School starts back up on Thursday so for one final urban farming fling before digging back into books I made goat’s milk soap.
Here is the process:
I purchased these at my local supermarket.
Choose the oils you want to use. I chose coconut, olive and almond.
Here are some recipes in case you don’t want to make up your own.
Best to go with light scents as even natural oils can be strong for some people.
Next get your goat’s milk ready. If you want a scented soap, choose an essential oil. I chose orange bergamot for this batch.
Sodium hydroxide – treat this with respect.
Saponification is a chemical reaction between a base and an acid to form a salt. Lye or sodium hydroxide, is the base and oil or tallow is the acid. Lye is extremely caustic and you must be very careful when using it. Don’t breath the fumes and be sure to use eye protection and gloves. Vinegar will neutralize the lye and is good to have on hand in case you splash some of the mixture on you. It’s also used in cleaning up any containers that have held lye or the lye containing soap mixture.
Eye protection is needed when working with lye.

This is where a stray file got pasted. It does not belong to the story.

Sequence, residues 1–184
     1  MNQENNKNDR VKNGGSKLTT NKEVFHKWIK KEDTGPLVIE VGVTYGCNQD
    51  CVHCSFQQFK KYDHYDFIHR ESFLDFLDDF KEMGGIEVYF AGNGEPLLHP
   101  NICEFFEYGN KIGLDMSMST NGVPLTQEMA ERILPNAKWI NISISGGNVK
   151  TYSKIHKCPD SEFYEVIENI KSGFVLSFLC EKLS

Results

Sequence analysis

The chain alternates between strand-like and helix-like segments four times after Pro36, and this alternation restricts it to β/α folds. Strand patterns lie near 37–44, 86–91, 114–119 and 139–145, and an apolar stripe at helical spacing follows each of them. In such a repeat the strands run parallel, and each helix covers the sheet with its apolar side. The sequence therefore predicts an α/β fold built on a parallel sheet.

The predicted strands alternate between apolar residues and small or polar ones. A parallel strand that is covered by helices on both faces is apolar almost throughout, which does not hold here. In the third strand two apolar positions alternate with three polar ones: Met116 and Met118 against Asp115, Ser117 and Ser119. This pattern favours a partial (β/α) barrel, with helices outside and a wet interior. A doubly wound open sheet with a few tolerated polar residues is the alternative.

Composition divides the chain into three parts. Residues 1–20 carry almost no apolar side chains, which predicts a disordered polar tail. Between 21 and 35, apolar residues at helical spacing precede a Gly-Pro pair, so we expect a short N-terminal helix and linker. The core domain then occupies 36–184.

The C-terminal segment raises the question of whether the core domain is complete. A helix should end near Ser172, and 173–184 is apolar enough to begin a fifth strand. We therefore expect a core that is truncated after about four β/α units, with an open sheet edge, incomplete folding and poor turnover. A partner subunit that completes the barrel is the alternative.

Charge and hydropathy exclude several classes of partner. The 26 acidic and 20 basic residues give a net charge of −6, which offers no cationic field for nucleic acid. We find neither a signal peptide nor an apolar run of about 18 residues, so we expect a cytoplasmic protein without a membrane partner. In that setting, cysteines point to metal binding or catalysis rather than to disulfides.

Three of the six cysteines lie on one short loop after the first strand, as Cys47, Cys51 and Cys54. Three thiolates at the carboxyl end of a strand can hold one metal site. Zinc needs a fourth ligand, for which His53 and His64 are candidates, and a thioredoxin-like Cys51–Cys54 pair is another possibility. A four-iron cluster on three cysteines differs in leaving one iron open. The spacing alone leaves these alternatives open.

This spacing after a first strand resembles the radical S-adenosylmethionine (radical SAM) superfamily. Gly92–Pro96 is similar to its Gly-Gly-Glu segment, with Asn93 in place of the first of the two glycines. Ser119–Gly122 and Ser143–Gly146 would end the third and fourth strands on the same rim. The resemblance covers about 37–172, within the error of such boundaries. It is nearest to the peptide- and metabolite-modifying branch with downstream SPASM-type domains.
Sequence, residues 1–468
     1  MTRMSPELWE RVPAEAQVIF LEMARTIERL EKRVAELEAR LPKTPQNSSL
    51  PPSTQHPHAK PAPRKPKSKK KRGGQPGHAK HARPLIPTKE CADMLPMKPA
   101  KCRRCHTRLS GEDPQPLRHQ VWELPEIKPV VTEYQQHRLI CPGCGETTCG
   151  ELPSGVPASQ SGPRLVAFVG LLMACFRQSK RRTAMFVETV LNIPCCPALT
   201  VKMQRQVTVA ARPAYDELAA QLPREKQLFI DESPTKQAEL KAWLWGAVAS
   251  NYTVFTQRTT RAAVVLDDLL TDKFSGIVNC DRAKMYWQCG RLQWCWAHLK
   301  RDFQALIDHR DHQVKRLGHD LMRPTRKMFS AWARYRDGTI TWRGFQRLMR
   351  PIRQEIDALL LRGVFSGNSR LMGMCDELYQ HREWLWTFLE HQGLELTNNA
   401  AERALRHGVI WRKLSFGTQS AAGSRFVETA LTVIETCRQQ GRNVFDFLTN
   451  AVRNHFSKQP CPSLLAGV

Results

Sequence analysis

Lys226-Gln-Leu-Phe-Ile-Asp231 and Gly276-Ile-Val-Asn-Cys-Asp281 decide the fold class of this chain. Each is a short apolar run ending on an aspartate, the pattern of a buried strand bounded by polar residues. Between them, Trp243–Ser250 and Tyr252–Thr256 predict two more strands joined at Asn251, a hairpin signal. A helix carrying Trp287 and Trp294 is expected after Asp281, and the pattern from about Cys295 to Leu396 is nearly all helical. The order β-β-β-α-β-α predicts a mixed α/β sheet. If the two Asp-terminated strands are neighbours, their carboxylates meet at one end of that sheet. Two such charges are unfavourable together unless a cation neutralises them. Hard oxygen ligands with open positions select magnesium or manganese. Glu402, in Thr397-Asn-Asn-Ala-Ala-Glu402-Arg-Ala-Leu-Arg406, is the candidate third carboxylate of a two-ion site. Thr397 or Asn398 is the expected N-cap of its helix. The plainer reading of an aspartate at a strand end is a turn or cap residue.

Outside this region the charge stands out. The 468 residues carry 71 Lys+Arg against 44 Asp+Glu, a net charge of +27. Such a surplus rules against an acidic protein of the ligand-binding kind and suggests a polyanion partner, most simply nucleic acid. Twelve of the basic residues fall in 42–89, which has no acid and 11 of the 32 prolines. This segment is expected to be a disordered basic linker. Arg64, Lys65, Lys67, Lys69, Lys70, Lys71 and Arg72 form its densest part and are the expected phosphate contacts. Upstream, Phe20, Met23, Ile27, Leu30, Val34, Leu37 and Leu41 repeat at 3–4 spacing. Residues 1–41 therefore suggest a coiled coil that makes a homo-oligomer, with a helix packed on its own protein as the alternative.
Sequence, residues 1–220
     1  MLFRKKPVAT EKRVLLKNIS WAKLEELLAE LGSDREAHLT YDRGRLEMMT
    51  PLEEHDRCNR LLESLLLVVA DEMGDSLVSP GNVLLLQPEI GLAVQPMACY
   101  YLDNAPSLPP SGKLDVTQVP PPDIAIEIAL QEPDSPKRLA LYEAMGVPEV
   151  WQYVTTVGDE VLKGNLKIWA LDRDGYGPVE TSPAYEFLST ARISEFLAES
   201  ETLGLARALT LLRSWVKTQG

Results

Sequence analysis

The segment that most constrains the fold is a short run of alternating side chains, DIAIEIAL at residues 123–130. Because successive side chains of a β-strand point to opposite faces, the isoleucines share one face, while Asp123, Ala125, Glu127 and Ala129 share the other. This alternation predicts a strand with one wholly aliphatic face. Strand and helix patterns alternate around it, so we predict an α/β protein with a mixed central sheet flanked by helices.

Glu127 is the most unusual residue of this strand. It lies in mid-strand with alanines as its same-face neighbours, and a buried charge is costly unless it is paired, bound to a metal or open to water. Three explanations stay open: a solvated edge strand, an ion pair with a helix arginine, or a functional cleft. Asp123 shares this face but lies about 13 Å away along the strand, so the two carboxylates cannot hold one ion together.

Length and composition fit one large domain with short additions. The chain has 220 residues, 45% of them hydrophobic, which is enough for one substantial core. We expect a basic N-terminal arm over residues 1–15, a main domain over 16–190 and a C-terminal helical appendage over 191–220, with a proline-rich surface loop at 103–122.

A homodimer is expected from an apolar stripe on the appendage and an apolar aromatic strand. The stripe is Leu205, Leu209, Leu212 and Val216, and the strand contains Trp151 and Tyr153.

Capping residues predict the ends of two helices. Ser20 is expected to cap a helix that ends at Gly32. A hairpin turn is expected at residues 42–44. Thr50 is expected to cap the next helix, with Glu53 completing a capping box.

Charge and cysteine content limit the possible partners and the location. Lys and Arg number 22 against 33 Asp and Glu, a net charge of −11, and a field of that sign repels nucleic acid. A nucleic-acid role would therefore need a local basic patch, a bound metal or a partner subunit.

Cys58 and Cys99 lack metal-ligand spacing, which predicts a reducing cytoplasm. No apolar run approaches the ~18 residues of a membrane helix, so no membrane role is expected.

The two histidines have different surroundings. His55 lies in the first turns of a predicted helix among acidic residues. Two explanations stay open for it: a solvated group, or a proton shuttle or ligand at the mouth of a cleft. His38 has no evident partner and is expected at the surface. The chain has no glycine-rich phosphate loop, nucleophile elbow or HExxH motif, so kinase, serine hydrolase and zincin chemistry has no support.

Once you’ve chosen your ingredients you need to calculate how much lye is needed. I used an on-line lye calculator which made the process very easy.
Measured lye, oils and milk.
The next step is to mix the lye into the milk. Put your container of milk into an ice bath and do the mixing very slowly. If you do it quickly you can burn the milk as the reaction gets quite hot. The temperature should be kept below 90 degrees.
Warning – be sure to always pour the lye into the liquid, not the liquid into the lye. (If the liquid goes into the lye it can volcano up and could burn you.)
Slowly add the lye to the milk.
As you add the lye the milk turns an orange color.
If you want whiter soap, then add the lye over a 20 minute period and keep the temperature low.
Once you have mixed all the lye in and the mixture has cooled then carefully pour the milk/lye mixture into your combined oils.
Carefully pour the lye mixture into the oils.
Stir this mixture until you reach the “trace” point. This is where the mixture begins to resemble custard and you can see a pattern when you stir. This can take up to an hour but can be speeded up with a stick blender. Be careful using this as it can thicken quite quickly and be too hard to pour into your molds. This is the time to add your essential fragrance oil.
There are many pretty molds to choose from.
When your soap has thickened you are ready to pour it into the molds.
Newly poured soap.
The soap needs to stay in the molds for one to two days until it’s hardened. It will still be quite harsh at this point and can burn you so be careful. Once you’ve taken it out of the molds it will need to cure for a minimum of two to three weeks. To be sure it’s fully cured you can test the pH to see if it’s in the correct range between 7 to 9.5.
Ready to lather up.